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Tuesday, December 3, 2013

Brush-tailed Rock-wallaby - saving an endangered species


Seems there is a new addition to the Tidbinbilla breeding program. This is particularly important for genetic diversity in a population so important to the re-introduction of these rare animals to the wild. Excellent news...

ACT Government TAMS media release 
Released 02/12/2013
Brett McNamara, Manager of Regional Operations, National Parks and Catchments, today announced that Tidbinbilla Nature Reserve has welcomed a very special addition to its Brush-tailed Rock-wallaby population. 
"Since 2010, 53 Brush-tailed Rock-wallabies have been bred at Tidbinbilla's Animal Breeding Centre, but none quite like the little joey recently born who has introduced very valuable genetics to the rock-wallaby species," Mr McNamara said. 
"Low genetic variation makes a population vulnerable to inbreeding which can be detrimental to long-term reproduction rates, so it is great to see the management strategies employed by ACT Parks and Conservation now paying dividends to increase overall genetic diversity. 
"The recruitment of new genes is one of these strategies, with the father of the new pouch young taken from the wild in East Gippsland, Victoria and relocated to Tidbinbilla in 2012.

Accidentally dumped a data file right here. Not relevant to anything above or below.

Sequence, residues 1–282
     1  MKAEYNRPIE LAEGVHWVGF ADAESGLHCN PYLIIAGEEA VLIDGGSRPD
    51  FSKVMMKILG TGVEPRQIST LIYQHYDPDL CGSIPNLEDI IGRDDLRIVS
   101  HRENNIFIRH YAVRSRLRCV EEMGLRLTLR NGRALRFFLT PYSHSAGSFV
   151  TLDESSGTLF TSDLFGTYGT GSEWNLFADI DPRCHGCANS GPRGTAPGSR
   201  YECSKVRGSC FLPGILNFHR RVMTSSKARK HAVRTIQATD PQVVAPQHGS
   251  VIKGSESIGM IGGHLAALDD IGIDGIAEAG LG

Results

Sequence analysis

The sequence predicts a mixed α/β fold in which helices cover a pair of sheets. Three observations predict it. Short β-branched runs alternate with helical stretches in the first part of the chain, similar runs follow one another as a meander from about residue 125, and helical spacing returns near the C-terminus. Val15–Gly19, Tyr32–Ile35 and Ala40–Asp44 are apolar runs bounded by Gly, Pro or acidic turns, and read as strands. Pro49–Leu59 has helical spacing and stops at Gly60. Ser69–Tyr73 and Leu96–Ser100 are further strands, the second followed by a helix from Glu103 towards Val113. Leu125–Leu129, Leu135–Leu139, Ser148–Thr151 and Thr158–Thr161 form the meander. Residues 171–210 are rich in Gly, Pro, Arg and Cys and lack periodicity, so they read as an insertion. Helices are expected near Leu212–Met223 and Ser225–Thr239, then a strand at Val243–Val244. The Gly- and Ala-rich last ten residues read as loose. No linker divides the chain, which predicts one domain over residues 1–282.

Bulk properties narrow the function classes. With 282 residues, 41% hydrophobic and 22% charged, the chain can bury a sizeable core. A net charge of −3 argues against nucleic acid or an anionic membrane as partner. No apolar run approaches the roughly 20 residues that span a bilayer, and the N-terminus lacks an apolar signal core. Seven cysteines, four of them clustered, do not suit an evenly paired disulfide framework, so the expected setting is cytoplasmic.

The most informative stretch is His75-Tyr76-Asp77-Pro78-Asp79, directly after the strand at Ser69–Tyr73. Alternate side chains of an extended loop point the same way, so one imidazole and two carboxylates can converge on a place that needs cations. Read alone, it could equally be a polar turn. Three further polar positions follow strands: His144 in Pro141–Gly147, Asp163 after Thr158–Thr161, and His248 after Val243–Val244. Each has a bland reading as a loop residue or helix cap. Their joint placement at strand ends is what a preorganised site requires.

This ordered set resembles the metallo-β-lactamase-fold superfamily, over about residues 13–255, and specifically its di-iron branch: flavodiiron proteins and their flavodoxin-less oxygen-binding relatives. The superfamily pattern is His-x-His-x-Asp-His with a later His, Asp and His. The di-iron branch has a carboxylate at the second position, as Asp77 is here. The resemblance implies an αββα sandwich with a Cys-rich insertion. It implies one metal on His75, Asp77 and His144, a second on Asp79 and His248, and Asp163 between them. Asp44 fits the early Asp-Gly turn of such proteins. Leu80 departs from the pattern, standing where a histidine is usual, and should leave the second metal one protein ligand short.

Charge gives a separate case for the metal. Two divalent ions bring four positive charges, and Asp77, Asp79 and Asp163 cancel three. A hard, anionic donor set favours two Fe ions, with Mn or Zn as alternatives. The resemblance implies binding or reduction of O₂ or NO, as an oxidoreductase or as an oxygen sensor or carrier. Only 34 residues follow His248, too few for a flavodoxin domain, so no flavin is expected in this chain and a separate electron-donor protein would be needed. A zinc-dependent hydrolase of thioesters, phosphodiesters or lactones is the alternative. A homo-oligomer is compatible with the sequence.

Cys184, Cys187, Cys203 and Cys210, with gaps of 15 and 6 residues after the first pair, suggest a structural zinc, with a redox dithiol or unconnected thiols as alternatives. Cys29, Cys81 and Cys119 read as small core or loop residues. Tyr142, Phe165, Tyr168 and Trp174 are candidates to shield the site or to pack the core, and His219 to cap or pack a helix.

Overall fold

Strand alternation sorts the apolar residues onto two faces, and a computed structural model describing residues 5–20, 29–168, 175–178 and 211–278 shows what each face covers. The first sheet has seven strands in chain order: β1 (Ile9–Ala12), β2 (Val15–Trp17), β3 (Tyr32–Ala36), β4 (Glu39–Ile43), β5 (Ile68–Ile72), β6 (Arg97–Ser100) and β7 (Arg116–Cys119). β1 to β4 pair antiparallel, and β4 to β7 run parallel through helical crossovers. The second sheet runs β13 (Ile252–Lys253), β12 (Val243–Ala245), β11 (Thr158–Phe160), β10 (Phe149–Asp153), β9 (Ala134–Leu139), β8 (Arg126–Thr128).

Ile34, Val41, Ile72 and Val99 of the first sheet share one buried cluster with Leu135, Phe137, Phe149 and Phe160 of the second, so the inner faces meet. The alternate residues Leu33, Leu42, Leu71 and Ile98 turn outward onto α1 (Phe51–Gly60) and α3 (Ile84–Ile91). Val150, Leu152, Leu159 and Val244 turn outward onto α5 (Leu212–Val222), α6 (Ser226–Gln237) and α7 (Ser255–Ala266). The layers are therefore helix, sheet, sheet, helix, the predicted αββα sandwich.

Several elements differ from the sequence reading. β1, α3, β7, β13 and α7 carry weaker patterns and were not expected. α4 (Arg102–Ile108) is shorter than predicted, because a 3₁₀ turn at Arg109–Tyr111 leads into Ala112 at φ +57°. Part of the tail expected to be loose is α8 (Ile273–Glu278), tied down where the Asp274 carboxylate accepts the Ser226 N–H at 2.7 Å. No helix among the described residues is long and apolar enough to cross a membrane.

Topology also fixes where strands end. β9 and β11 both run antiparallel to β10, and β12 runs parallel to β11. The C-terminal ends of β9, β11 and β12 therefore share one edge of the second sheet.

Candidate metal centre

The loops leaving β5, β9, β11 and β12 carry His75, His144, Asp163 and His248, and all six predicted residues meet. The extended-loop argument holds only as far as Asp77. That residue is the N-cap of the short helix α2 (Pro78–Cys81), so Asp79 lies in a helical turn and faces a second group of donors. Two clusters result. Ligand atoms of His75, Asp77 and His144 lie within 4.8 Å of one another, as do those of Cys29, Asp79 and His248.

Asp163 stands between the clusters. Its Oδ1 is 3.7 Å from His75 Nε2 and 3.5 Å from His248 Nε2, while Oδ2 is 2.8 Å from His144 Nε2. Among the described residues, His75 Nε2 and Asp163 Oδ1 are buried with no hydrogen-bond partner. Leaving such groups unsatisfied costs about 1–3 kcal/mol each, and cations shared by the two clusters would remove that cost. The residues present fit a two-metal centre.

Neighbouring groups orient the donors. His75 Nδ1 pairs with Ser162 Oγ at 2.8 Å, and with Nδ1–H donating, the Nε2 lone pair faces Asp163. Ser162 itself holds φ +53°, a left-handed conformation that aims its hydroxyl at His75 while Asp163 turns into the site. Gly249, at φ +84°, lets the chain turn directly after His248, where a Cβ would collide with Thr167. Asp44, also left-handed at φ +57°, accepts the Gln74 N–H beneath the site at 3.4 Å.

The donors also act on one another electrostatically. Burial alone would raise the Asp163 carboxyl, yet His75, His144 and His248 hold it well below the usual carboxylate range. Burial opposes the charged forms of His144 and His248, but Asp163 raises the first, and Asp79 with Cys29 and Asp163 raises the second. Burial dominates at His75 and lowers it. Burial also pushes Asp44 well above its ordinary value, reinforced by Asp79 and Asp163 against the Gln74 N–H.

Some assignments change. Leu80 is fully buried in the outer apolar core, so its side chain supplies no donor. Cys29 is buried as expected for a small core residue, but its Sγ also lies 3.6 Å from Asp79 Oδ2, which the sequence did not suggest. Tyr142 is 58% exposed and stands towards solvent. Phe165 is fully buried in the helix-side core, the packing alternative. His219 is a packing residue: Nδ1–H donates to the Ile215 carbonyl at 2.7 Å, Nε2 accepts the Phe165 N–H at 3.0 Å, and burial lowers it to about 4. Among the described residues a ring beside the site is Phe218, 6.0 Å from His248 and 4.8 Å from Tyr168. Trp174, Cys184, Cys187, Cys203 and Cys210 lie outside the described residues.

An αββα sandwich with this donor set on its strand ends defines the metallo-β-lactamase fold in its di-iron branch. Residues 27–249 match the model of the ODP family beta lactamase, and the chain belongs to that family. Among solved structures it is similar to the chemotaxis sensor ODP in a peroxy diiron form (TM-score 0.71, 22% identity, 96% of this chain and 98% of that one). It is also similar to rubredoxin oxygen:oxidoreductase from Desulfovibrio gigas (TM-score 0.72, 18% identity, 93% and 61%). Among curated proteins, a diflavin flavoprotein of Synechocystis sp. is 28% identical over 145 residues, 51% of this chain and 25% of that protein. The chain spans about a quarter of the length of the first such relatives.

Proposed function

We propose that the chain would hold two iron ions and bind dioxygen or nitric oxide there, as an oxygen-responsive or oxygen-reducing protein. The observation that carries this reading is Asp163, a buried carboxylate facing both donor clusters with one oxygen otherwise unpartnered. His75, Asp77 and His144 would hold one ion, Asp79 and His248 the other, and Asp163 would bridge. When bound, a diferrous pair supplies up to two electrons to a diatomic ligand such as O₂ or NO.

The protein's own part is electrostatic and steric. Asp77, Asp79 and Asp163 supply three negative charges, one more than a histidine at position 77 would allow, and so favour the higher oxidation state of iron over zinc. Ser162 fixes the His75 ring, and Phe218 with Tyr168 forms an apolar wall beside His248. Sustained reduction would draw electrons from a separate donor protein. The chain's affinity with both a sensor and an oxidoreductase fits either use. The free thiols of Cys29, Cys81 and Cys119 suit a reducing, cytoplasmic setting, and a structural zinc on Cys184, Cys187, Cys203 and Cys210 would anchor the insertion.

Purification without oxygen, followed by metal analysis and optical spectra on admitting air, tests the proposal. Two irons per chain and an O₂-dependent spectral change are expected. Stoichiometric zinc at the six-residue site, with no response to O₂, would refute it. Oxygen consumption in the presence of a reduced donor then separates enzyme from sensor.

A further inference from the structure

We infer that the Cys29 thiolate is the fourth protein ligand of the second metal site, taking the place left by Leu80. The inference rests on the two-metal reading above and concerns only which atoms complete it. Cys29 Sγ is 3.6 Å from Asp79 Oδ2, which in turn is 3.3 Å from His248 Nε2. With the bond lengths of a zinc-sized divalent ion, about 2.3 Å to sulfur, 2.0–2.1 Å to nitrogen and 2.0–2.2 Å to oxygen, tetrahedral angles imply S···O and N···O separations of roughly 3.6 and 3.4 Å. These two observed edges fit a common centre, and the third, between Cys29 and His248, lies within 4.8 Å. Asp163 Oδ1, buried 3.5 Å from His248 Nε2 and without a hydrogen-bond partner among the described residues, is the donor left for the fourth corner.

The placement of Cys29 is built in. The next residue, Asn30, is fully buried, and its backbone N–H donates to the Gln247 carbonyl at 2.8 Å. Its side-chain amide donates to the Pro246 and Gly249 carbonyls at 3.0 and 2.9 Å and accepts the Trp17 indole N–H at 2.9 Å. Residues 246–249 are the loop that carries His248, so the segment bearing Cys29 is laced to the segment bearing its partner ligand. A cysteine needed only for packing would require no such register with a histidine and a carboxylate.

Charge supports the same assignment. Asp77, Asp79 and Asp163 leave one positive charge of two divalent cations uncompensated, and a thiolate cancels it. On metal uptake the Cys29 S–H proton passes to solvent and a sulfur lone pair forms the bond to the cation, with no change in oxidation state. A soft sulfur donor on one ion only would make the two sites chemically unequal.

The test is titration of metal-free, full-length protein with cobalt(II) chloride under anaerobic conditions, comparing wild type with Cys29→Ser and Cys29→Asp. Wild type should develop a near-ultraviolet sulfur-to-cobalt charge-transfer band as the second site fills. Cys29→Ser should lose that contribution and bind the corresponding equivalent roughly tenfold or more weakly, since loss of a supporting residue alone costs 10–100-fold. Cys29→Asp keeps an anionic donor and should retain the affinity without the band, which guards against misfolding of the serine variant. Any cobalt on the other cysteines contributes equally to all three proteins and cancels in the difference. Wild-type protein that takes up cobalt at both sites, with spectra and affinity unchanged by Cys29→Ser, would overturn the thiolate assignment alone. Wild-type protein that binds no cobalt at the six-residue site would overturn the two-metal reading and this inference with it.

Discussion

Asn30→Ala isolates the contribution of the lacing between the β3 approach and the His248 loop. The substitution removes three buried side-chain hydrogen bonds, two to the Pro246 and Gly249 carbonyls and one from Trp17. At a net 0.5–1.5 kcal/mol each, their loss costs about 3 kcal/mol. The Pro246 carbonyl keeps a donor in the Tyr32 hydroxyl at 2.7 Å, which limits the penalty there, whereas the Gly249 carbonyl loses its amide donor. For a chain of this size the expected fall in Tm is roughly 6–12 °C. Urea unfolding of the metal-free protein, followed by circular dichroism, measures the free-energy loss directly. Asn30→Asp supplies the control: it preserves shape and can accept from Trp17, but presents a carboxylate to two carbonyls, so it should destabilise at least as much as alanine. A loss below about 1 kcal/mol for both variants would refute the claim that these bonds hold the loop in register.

"The team at Tidbinbilla has also enlisted the help of geneticists from the Southern Brush-tailed Rock-Wallaby Recovery Team to divide the wallabies into breeding groups. 
"The wild male was put into a female dominated group with wallabies deemed a good mate choice based on genetics and age as well as the bond they have with the male. Now, six months later, he has sired his first joey. 
"This birth is a great achievement which the team at Tidbinbilla is justifiably very proud. Last year they bred a record number of the species, with 18 born in captivity at the reserve. This is another huge step forward in ensuring the long-term survival of the overall population. 
"The joey is settling in well to the beautiful surrounds of Tidbinbilla where it has plentiful food and is joined by the 10 other joeys that were bred this year." 
Mr McNamara said the ACT is also playing a significant and leading part in the re-establishment of the species in Victoria. 
"As part of the captive breeding program, eight wallabies bred at Tidbinbilla were released into the Grampians National Park in Victoria in 2012 and have helped improve the area's genetic diversity. Two of those we have released have now bred in the wild. 
"Tidbinbilla's breeding program is part of a national effort to save the critically endangered Southern Brush-tailed Rock-wallaby species from extinction. The wallabies are locally extinct in the ACT and it is estimated there are less than 40 left in the wild – all of which reside in Victoria."
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The Canberra Times has also reported the event - Baby wallaby a big step for survival
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Monday, December 2, 2013